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How Amber was Collected

While some people were fishing for food or pearls, others were in search of the gold of the north. People did fish for amber in the past

The sea is the oldest known source for amber

Prehistoric people picked up amber from the Baltic shore, when strong storms and winds brought the material up from amber-bearing strata under the sea

  • Sea amber or scoopstone has provided a livelihood for coast-dwellers for many centuries

  • Amber was named scoopstone because of the nets used to gather it from the seaweed. These poles and nets, called "amber-catchers"

  • In marshy regions or areas where the tides were unpredictable, amber was collected on horseback. These collectors were called "amber riders"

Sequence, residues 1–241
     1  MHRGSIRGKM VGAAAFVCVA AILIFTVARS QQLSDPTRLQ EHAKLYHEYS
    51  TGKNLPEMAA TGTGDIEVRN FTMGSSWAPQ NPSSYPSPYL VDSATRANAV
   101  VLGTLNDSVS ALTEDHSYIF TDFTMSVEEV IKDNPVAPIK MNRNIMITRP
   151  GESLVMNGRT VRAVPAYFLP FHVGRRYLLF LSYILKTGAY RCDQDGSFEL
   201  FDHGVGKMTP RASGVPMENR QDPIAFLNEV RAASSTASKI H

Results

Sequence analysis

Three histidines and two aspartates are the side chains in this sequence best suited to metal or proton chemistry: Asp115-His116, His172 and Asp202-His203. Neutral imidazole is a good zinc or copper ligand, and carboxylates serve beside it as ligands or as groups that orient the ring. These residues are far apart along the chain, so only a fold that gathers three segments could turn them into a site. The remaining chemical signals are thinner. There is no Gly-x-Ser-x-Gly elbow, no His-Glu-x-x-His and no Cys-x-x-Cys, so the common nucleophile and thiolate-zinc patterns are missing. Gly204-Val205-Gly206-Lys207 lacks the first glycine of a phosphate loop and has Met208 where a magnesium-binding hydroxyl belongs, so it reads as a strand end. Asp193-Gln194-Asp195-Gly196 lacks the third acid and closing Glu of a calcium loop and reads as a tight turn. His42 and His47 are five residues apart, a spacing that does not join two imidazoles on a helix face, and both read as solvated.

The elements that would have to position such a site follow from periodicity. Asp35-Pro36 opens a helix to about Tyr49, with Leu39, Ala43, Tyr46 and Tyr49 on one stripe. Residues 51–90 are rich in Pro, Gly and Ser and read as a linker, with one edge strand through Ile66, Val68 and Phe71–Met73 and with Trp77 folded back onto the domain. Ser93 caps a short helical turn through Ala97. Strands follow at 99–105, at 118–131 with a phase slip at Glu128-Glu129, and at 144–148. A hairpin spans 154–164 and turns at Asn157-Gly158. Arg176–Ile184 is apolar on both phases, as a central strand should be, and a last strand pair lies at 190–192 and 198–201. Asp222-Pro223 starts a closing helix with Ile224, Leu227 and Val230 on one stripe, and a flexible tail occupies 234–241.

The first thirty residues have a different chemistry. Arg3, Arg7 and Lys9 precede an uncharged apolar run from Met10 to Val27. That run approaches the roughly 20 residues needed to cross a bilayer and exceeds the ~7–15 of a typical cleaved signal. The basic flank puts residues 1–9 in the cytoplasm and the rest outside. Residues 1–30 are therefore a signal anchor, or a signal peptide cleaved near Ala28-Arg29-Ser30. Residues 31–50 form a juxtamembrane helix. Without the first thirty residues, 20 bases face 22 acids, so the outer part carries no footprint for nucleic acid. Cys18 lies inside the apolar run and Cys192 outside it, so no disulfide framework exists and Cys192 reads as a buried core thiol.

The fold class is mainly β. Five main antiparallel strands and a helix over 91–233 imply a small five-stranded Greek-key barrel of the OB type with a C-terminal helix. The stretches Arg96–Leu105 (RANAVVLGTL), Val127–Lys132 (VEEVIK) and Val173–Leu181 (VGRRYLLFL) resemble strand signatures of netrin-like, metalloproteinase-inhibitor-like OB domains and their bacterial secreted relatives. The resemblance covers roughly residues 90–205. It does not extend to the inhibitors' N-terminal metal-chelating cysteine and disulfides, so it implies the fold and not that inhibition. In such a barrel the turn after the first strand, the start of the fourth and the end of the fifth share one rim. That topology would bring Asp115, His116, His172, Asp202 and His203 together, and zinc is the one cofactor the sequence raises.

• The divers carried a wooden spade to loosen the amber from the sea floor. Fishermen would lay over the side of the boat, rake the bottom and then catch the dislodged lumps of amber in nets. Amber was recovered and this method was referred to as "amber poking"

  • Many of the mines were open-pit operations where the blue earth was scooped onto conveyers to rail cars. This is called Pit Minning
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